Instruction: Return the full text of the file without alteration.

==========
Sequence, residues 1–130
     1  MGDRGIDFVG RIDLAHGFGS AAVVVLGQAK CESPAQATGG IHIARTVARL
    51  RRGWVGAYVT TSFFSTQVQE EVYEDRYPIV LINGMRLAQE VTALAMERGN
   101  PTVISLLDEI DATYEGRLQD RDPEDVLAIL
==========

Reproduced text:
Sequence, residues 1–130
     1  MGDRGIDFVG RIDLAHGFGS AAVVVLGQAK CESPAQATGG IHIARTVARL
    51  RRGWVGAYVT TSFFSTQVQE EVYEDRYPIV LINGMRLAQE VTALAMERGN
   101  PTVISLLDEI DATYEGRLQD RDPEDVLAIL